“Whereas some professors might see their job as teaching the facts, concepts, and procedures of their subject, the teachers we studied emphasized the pursuit of answers to important questions and often encouraged students to use the methodologies, assumptions, and concepts from a variety of fields to solve complex problems.” (Bain, 45)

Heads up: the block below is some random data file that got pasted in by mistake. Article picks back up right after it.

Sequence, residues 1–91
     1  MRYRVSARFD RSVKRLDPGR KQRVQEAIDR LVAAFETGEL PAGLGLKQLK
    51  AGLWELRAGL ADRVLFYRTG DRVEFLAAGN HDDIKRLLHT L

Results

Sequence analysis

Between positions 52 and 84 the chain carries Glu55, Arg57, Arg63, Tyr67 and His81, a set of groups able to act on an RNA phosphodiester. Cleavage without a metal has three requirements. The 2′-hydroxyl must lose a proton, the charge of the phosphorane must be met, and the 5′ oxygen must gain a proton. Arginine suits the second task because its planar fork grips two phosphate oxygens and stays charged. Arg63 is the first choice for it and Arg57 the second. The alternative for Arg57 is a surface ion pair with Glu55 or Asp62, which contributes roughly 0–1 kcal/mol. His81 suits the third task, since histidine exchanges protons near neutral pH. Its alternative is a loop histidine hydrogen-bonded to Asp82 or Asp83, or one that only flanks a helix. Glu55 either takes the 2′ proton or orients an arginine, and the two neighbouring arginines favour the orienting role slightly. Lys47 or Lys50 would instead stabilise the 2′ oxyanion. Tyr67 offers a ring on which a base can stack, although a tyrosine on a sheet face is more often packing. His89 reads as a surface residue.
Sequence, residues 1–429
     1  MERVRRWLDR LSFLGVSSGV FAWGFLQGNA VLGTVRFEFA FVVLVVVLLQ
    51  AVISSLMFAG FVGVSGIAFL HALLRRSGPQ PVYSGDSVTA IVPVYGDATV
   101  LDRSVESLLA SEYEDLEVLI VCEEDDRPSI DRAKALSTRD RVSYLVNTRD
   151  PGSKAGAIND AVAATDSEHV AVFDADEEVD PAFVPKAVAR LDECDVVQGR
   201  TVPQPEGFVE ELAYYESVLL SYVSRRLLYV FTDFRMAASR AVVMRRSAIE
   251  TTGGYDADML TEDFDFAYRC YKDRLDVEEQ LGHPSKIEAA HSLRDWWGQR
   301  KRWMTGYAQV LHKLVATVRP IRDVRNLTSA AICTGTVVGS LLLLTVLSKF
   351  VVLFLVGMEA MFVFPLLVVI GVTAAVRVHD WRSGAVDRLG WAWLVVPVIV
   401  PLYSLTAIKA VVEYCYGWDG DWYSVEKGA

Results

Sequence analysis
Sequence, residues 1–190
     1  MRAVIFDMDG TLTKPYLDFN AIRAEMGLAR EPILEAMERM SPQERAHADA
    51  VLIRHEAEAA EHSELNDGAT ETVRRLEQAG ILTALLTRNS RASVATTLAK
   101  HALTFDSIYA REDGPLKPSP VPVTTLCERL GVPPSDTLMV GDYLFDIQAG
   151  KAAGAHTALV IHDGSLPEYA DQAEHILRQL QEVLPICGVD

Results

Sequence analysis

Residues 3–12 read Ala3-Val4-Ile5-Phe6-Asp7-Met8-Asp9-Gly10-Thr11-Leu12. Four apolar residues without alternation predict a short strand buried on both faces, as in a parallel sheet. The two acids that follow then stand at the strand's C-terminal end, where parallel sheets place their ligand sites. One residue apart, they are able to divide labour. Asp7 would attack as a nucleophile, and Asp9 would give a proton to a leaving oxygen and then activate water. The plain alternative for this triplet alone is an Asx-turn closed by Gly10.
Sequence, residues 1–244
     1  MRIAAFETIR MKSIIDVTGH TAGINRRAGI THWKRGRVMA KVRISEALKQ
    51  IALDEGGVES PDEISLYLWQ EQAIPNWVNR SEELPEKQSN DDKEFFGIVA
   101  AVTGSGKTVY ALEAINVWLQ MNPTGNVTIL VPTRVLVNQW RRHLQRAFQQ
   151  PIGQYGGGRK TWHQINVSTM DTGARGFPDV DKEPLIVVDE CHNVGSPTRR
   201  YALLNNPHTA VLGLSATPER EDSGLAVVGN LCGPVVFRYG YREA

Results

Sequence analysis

I agree with the general concept that Bain has identified in these teachers. It is best when we can encourage our students to synthesize and discover the answers on their own. However, I think that he overgeneralizes  and oversimplifies this concept in the college classroom. As we discussed in our last class meaning, part of a professor’s job is to teach students how to learn and how to utilize specific pieces of information. In my field, there are pieces of information such as the symptoms or personality traits for certain disabilities that are easiest to learn through memorization. As discussed in my teaching philosophy, this is information that is used primarily in a recall format. One example could be, when I see a person with hypersensitivity to noise or light paired with self-injurious coping behaviors, I assume this individual has autism based on a list of symptoms I have learned. There is no further development or synthesis of this information needed. You could in theory learn this through discovery and various methodologies, but the most efficient method is the “banking model”. It would be interesting to see a breakdown of the percentage of upper level or lower level courses that the identified teachers were teaching. It is often in the upper level classes where my teaching focus switches from a recall to an application focus. In these classes I work with the students to apply the concepts and use their own assumptions to develop skills and techniques based on these initially learned “facts, concepts and procedures”. Bain states that “the power to remember increases as comprehension and the use of that understanding in reasoning grows”. (Bain, 84) In addition though, this reasoning requires a higher level of educational development that must be taught before it can be utilized.